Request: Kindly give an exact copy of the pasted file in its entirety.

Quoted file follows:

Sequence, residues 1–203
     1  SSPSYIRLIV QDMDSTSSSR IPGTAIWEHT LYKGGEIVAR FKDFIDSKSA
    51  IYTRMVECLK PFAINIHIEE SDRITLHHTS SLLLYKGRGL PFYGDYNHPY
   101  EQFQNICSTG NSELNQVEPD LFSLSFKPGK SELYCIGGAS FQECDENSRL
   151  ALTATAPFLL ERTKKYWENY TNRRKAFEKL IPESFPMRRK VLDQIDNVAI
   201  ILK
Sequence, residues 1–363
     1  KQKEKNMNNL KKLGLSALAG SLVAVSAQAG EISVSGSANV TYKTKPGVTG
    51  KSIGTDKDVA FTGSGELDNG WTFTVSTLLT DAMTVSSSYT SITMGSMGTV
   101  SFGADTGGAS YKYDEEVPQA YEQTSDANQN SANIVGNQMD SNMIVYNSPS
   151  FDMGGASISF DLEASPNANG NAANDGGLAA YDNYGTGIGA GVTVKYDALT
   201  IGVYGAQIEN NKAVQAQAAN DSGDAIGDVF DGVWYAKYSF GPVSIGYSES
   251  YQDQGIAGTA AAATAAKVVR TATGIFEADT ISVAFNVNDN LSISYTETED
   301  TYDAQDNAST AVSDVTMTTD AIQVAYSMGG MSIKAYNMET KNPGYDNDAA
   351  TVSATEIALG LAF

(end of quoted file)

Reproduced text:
Sequence, residues 1–203
     1  SSPSYIRLIV QDMDSTSSSR IPGTAIWEHT LYKGGEIVAR FKDFIDSKSA
    51  IYTRMVECLK PFAINIHIEE SDRITLHHTS SLLLYKGRGL PFYGDYNHPY
   101  EQFQNICSTG NSELNQVEPD LFSLSFKPGK SELYCIGGAS FQECDENSRL
   151  ALTATAPFLL ERTKKYWENY TNRRKAFEKL IPESFPMRRK VLDQIDNVAI
   201  ILK
Sequence, residues 1–363
     1  KQKEKNMNNL KKLGLSALAG SLVAVSAQAG EISVSGSANV TYKTKPGVTG
    51  KSIGTDKDVA FTGSGELDNG WTFTVSTLLT DAMTVSSSYT SITMGSMGTV
   101  SFGADTGGAS YKYDEEVPQA YEQTSDANQN SANIVGNQMD SNMIVYNSPS
   151  FDMGGASISF DLEASPNANG NAANDGGLAA YDNYGTGIGA GVTVKYDALT
   201  IGVYGAQIEN NKAVQAQAAN DSGDAIGDVF DGVWYAKYSF GPVSIGYSES
   251  YQDQGIAGTA AAATAAKVVR TATGIFEADT ISVAFNVNDN LSISYTETED
   301  TYDAQDNAST AVSDVTMTTD AIQVAYSMGG MSIKAYNMET KNPGYDNDAA
   351  TVSATEIALG LAF